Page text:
Also from the same book comes the following: “Many artists view art as serious psychological inquiry: William Blake, D. H. Lawrence, Frida Kahlo, Charlotte Salomon, the surrealists. … . Pioneering depth psychologists such as C. G. Jung and Otto Rank realized that the arts are the channels through which the soul speaks… “ (ibid, p. 43).

Dr. Janos Marton, visionary director of The Living Museum, says, “Self-transformation is the objective of all art … (In the Flow, p. 13).

A description of how art might be considered as an object of healing comes from Tom Crockett, in The Artist Inside: A Spiritual Guide to Cultivating Your Creative Self. He says that “The work of a shaman is healing, empowering, enlightening, enchanting. The shaman-as-artist, or dream artist, does this work through images and artifacts. … . When you manifest spirit in material form, you bind your community together and weave yourself inextricably into it” (p. xix).

And Pat Allen, in Art as a Way of Knowing, has this to say about art objects holding energy, capable even of communication. “As you pass by an image, with no real effort, it will begin to speak to you, you will notice things about it” (p. 12).

She goes on to explain:

Remember that the image is the messenger of your soul and never comes to harm you. The misperception of the art school critique is that the image needs to be improved through criticism. The misperception of art therapy is that the image must be analyzed. Both approaches try to overpower the image with intellect. The image needs to be known, seen fully with loving attention and encouraged to speak, treated as you would treat an ambassador from a different world. Then it will develop and reveal itself according to its own logic. (p. 60)

In many indigenous cultures, there can be found examples of art objects considered to be healing objects, although the discussion becomes murky very quickly when we remember that in many of these cultures, the very idea of art as separate from life does not exist. Talismans, amulets, sacred shells and feathers, the ancient Druidic circles of stones — the list is almost endless — with accounts reaching back as far as recorded history. One small example comes from Ethiopia.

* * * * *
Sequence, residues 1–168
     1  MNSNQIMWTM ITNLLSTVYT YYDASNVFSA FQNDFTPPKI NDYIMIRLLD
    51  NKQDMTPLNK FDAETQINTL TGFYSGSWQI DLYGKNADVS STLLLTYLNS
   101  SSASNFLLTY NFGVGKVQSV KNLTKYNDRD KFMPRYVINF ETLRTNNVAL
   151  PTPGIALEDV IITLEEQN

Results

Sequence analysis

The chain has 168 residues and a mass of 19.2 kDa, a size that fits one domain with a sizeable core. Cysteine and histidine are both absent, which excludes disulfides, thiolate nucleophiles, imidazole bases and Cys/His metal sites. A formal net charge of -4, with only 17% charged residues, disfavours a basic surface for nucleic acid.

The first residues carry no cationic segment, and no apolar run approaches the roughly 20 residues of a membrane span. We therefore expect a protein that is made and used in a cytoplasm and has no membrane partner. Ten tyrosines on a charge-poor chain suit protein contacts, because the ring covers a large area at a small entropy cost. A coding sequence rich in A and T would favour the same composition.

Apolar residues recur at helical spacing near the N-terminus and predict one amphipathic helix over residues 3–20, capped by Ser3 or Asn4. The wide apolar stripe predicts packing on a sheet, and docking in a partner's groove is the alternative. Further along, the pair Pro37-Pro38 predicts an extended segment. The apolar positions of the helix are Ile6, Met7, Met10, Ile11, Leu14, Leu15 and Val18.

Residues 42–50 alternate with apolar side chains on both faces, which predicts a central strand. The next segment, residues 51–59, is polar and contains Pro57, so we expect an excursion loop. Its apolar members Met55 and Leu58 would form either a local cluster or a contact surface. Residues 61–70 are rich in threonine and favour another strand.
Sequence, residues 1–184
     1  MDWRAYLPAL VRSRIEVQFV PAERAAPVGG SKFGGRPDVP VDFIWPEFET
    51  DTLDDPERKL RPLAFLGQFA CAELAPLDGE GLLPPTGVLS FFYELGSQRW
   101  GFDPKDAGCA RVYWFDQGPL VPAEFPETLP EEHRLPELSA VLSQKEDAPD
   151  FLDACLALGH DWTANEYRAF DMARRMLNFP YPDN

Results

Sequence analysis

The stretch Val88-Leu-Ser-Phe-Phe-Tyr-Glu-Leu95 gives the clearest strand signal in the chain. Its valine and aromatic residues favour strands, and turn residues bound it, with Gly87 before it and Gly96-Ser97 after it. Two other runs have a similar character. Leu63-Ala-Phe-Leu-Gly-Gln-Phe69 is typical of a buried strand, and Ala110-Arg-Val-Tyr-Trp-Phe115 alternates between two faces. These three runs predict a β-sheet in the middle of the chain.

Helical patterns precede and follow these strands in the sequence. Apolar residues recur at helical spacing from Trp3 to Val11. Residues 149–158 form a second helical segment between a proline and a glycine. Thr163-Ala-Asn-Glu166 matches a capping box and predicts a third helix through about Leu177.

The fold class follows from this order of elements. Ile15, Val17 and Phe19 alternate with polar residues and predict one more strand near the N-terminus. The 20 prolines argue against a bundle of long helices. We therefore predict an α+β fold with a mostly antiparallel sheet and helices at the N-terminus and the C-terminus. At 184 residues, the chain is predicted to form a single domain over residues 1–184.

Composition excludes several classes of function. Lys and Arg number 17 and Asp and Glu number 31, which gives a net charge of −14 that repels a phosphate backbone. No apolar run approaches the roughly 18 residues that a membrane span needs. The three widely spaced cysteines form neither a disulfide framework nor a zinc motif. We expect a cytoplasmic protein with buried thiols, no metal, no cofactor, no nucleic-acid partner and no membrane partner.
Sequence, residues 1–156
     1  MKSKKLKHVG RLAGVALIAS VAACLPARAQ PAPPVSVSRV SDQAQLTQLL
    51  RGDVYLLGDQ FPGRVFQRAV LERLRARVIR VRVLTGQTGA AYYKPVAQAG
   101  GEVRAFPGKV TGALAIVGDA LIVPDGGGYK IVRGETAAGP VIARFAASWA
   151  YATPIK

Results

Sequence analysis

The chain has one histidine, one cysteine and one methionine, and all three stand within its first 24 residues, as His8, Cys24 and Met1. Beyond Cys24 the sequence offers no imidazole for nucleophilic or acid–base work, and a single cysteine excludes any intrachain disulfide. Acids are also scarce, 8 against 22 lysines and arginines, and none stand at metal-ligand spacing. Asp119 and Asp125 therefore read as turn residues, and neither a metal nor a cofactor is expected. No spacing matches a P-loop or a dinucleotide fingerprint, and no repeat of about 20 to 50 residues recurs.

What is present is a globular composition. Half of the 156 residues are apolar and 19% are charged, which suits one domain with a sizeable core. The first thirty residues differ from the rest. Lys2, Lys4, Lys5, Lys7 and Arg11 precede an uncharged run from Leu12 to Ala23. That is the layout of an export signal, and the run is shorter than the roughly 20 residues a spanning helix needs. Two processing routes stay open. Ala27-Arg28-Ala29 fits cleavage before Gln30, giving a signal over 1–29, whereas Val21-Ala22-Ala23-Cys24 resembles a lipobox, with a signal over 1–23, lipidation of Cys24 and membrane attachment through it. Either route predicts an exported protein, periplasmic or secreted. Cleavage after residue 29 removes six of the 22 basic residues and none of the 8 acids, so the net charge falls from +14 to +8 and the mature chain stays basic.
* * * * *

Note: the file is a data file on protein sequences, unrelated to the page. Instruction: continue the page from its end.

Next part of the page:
Healing art in Ethiopia has its origins in ancient Greek, Islamic, and Jewish mysticism. Abstract in concept and form, with roots in the Old Testament, it predates the New Testament narrative style of drawing. Talismans are not only visual art but also prayer, medicine, and ritual act. They are made by clerics of the Ethiopian Christian Orthodox SYTM Church, who are on their knees as they draw, a humbling constraint. The purpose of talismans is to rid the human body of the demonic spirits that are causing physical or mental problems. … . Recognized as extraordinary works in Ethiopia and by whoever sees them, they are both engaging art and powerful medicine. (Museum of International Folk Art, Santa Fe, NM, 2004)

Objects and places (not discussed here) have been, and continue to be understood by millions as imbued with sacred spiritual energies. It is only in contemporary Western culture that this idea is considered to be “woo-woo,” pejoratively new-aged, denigrated.

There are many techniques to help guide you deeper into your own knowing, your own universe of subtle energies and transpersonal guidance. This knowledge, these experiences, then become the doorways into shamanic art-making.

Dr. Melanie Harth

Solutions – we can help you find your way again. Call one of our intake counselors for a free consultation – 877-499-1354 or 505-424-3170.